During his campaign, President Trump proposed a plan to offer six weeks of paid maternity leave to mothers who give birth. The program would be funded through the unemployment compensation system. The Family and Medical Leave Act provides unpaid job protection, but it does not provide for paid leave. Earlier this week, President Trump and his daughter, Ivanka Trump, who has been a proponent of expanding paid maternity benefits programs, reportedly participated in a roundtable discussion with Canadian Prime Minister Justin Trudeau regarding women in the workforce. 

As with other areas that have seen gridlock at the federal level, some states and municipalities are proceeding with paid maternity leave programs of their own. Often when a large number of states pass laws in a certain area, federal law follows. As employers are forced to deal with a patchwork of differing state laws, a consistent federal law may ease the burden of compliance on employers. 

Recent reports suggest the White House may be considering expanding the scope of its proposal from covering not just maternity leave for biological mothers but also parental leave, which would include leave for fathers. (It is unclear whether the parental leave benefit might apply to adoptive mothers.) This expansion came after criticism that the original proposal was discriminatory because it covered only biological mothers.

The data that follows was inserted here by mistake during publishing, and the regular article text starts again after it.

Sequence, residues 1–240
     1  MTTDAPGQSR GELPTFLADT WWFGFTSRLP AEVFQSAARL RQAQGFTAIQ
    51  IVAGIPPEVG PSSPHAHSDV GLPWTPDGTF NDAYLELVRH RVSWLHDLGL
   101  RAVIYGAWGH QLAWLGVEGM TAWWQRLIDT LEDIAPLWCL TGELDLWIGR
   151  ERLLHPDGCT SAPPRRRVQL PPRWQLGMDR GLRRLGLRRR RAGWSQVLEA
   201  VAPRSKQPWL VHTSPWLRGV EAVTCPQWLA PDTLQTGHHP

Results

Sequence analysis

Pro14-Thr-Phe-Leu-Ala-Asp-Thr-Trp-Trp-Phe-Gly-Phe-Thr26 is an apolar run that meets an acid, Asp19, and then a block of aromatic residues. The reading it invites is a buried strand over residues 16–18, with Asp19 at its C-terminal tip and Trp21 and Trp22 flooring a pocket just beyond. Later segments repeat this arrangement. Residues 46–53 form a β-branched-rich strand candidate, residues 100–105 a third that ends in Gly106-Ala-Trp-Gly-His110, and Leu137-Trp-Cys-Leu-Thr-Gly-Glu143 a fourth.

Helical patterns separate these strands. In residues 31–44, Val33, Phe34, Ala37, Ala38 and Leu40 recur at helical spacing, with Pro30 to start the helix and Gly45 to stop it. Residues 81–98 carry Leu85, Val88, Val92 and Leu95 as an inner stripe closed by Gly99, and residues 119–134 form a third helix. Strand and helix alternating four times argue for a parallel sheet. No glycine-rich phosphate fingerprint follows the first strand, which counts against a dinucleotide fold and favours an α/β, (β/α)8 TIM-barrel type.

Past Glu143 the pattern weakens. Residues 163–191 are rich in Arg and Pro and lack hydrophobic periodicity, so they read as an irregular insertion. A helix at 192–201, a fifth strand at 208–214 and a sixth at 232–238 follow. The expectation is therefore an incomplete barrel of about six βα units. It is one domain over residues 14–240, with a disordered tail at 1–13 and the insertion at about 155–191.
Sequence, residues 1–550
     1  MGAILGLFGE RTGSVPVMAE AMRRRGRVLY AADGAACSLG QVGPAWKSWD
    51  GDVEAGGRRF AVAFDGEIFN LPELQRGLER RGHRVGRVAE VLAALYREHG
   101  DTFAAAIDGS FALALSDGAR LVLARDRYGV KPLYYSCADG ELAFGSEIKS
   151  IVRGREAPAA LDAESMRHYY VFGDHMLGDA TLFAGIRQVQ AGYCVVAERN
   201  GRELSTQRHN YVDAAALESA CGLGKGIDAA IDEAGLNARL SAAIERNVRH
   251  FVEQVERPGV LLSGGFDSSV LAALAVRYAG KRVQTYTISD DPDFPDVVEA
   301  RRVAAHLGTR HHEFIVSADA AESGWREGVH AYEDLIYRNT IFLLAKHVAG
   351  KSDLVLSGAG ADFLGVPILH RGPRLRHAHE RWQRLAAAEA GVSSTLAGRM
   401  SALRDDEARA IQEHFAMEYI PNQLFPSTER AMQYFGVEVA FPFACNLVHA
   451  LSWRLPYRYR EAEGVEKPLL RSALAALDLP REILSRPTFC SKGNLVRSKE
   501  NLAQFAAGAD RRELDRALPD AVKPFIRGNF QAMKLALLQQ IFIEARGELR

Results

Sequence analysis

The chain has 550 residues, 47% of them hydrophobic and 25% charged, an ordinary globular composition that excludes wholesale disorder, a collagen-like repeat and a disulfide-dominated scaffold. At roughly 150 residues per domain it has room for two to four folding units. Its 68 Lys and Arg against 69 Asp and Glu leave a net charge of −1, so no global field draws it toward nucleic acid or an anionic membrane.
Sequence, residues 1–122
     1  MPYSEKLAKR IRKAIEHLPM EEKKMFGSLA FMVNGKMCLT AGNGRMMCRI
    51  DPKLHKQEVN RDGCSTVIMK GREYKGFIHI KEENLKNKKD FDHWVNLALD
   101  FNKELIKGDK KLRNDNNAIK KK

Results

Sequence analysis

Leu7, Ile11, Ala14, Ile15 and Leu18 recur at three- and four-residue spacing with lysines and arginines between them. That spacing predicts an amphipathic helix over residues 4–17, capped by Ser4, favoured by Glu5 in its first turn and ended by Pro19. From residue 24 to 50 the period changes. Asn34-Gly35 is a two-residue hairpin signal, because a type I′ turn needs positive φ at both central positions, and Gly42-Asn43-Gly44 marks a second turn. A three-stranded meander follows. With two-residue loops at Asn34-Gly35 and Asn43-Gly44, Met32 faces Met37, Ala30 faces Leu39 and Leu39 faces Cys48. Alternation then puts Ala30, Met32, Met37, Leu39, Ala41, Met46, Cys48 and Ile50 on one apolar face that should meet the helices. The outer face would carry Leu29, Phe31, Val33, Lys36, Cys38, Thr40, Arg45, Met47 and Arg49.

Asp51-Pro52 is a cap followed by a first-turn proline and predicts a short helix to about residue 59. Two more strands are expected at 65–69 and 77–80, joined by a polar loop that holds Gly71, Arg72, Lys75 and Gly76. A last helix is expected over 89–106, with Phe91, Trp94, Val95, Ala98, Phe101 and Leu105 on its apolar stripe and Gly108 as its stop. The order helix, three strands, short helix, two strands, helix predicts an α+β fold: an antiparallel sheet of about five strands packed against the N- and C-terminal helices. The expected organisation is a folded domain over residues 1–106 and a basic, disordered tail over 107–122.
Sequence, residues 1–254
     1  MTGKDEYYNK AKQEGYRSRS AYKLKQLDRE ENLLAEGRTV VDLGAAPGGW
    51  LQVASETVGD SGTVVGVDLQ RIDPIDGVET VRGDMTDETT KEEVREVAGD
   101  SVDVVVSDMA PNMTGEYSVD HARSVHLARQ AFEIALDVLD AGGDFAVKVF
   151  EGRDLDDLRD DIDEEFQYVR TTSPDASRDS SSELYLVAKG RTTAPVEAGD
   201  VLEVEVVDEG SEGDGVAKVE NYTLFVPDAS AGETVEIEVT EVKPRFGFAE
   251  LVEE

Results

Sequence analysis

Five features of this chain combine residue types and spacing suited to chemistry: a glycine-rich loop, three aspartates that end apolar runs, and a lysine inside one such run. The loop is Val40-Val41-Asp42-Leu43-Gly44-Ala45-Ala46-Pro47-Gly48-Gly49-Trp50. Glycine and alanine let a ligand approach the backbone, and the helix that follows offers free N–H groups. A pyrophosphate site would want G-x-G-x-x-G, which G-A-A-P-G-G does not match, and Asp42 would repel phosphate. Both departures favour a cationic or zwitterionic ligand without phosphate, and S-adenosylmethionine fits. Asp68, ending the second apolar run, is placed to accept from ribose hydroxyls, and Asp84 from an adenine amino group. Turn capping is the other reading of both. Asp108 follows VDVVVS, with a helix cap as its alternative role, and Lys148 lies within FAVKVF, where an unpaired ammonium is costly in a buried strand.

The White House is not alone in facing concerns of discrimination in connection with policies granting leave solely to mothers. Title VII of the Civil Rights Act of 1964 prohibits discrimination based on sex, and employee benefit policies that provide greater benefits to mothers than fathers based on sex may run afoul of the law. Employers may provide additional leave for mothers who give birth for a period of medically necessary leave to recover from childbirth (often six to eight weeks depending on the circumstances of the birth). However, pursuant to the U.S. Equal Employment Opportunity Commission, for leave beyond that period, or for leave for bonding with a new child, distinctions based on gender could give rise to discrimination claims under Title VII.

Moreover, some have argued that granting maternity leave to mothers but not to fathers may exacerbate discriminatory views about women in the workplace—namely that women rather than men are or should be primary caregivers.

We will continue to monitor these and other issues surrounding maternity leave laws that may be implemented by the Trump administration and state legislatures. 

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Leaves of Absence/Reasonable Accommodation

Managing leaves and reasonably accommodating employees can be complex, frustrating, and expose employers to legal peril. Employers must navigate a bewildering array of state and federal statutes, with seemingly contradictory mandates.

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